Greenhouse gas emissions from biofuels such as palm oil, soybean and rapeseed are higher than those for fossil fuels when the effects of Indirect Land Use Change (ILUC) are counted, according to leaked EU data seen by EURACTIV.
The default values assigned to the biofuels compare to those from Canada’s oil sands – also known as tar sands – according to the figures, which should be released along with long-awaited legislative proposals on biofuels in the spring.
A spokesperson for the European Commission said she could “not comment on leaked documents, such as impact assessments which have not been published.”
But industry and civil society sources described the data as credible and in line with other studies. One said it would sound a death knell for the biodiesel industry, if published.
“I think the science has proved clearly that because of the link to deforestation in places such as South East Asia, a lot of the biodiesels have significantly negative impacts on the climate,” Robbie Blake, a spokesman for Friends of the Earth, told EURACTIV.
Indirect land-use change
ILUC happens when forests and wetlands are cleared to compensate for lands taken to grow biofuels elsewhere.
One recent report predicted that all of Malaysia’s tropical peatswamp forests would be destroyed by the end of the decade because of ILUC – with alarming consequences for greenhouse gas emissions – unless the expansion of palm oil production was halted.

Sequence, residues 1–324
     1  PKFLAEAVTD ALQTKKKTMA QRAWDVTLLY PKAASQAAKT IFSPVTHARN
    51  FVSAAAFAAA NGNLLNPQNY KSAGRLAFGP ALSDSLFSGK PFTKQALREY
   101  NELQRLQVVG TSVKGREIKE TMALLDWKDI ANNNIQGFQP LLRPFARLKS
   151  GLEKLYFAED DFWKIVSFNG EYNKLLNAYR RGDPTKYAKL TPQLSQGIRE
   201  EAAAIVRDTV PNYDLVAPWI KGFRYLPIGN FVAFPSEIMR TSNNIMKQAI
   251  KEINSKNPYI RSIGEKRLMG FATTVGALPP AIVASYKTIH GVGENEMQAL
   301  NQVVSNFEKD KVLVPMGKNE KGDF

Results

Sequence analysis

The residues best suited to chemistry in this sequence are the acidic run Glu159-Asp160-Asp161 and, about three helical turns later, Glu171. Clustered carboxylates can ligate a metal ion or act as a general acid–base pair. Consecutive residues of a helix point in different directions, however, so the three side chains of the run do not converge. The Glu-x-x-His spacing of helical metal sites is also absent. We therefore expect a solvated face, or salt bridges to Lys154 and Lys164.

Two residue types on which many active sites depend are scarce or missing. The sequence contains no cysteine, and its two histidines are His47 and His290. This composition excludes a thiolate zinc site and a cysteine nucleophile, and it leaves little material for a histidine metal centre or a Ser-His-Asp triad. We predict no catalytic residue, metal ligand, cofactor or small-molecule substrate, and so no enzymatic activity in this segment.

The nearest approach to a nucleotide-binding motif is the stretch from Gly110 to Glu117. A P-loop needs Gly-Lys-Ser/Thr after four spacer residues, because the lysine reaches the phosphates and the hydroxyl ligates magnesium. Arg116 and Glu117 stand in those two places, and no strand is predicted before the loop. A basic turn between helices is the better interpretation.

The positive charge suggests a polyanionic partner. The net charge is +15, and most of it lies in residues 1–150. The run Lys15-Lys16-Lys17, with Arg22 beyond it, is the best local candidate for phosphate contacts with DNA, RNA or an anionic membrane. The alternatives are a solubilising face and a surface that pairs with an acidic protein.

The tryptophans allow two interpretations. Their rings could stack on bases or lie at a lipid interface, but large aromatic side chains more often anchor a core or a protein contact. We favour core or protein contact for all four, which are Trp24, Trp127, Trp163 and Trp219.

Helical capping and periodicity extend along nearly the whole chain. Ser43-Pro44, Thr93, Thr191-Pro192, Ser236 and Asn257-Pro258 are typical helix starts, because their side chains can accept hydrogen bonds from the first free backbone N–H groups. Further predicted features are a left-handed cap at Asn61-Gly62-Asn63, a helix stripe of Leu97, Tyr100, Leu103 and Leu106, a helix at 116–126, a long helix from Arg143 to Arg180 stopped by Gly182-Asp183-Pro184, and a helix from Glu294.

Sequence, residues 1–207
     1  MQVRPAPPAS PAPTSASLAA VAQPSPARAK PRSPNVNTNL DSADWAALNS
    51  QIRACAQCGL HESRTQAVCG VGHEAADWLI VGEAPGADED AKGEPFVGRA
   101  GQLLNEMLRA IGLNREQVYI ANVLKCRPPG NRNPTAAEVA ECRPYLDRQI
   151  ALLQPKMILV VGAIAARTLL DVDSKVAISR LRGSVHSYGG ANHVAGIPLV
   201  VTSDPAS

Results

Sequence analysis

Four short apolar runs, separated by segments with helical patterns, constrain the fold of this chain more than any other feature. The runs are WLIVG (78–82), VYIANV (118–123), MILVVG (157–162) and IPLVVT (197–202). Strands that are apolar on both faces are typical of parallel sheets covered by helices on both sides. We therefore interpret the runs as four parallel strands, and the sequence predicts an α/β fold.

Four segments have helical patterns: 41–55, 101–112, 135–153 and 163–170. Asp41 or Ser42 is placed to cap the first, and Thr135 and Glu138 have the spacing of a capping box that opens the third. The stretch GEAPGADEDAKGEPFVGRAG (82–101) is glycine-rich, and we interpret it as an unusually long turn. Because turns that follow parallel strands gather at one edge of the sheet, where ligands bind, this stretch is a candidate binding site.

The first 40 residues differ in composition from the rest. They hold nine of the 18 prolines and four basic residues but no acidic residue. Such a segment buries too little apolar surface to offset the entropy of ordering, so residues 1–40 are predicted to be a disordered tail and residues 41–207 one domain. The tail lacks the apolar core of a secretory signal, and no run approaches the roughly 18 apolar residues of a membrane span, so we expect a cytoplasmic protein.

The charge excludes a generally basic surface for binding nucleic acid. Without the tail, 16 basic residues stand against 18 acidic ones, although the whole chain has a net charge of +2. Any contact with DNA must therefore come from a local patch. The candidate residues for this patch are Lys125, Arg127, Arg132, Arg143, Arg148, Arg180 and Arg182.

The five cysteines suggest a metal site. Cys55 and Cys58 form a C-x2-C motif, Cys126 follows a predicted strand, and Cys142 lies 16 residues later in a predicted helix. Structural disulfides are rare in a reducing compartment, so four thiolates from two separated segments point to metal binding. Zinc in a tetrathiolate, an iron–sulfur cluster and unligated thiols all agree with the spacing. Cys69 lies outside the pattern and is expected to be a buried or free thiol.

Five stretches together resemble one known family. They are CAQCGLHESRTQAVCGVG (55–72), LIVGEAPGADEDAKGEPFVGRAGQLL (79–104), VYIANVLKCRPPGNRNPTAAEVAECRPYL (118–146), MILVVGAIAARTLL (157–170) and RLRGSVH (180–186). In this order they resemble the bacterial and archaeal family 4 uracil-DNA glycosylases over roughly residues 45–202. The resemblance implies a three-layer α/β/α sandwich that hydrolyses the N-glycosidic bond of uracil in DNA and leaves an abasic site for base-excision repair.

To measure the climate impact of fuels, Brussels favours assigning default values based on a calculation of their full lifecycle emissions, hence the debate over ILUC factors and biofuels.
In its recent review of the Fuel Quality Directive, the EU proposed a default value of 107g CO2 equivalent per megajoule of fuel (CO2/mj) for oil from tar sands, as compared to 87.5g CO2/mj for crude oil, reflecting the greater environmental harm that its production causes.
Yet while advanced ‘second generation’ biofuels comfortably outperform fossil fuels in the EU’s new data, palm oil is ascribed a value of 105g, soybean 103g, rapeseed 95g, and sunflower 86g, once ILUC is factored in.
The data propose ILUC-incorporating CO2/mj values for biofuels as follows:
- Palm Oil – 105g
- Soybean – 103g
- Rapeseed – 95g
- Sunflower – 86g
- Palm Oil with methane capture – 83g
- Wheat (process fuel not specified) – 64g
- Wheat (as process fuel natural gas used in CHP) – 47g
- Corn (Maize) – 43g
- Sugar Cane – 36g
- Sugar Beet – 34g
- Wheat (straw as process fuel in CHP plants) – 35g
- 2G Ethanol (land-using) – 32g
- 2G Biodiesel (land-using) – 21g
- 2G Ethanol (non-land using) – 9g
- 2G Biodiesel (non-land using) – 9g
Isabelle Maurizi, a spokesperson for the European Biodiesel Board, told EURACTIV that data such as the leaked biofuels values, and recent reports by the EU’s Joint Research Centre, the European Environmental Agency, and the International Food Policy Research Institute, were not consistent with research in the US.
“We do not recognise the validity of the science due to discrepancies in the results. The science is not grounded yet and is still immature so we would favour incentives in policy-making rather than punitive proposals,” she said.
Any application of the leaked values could severely hamper the ability of biodiesel manufacturers to enter into the EU’s new biofuels certification plan, announced last August.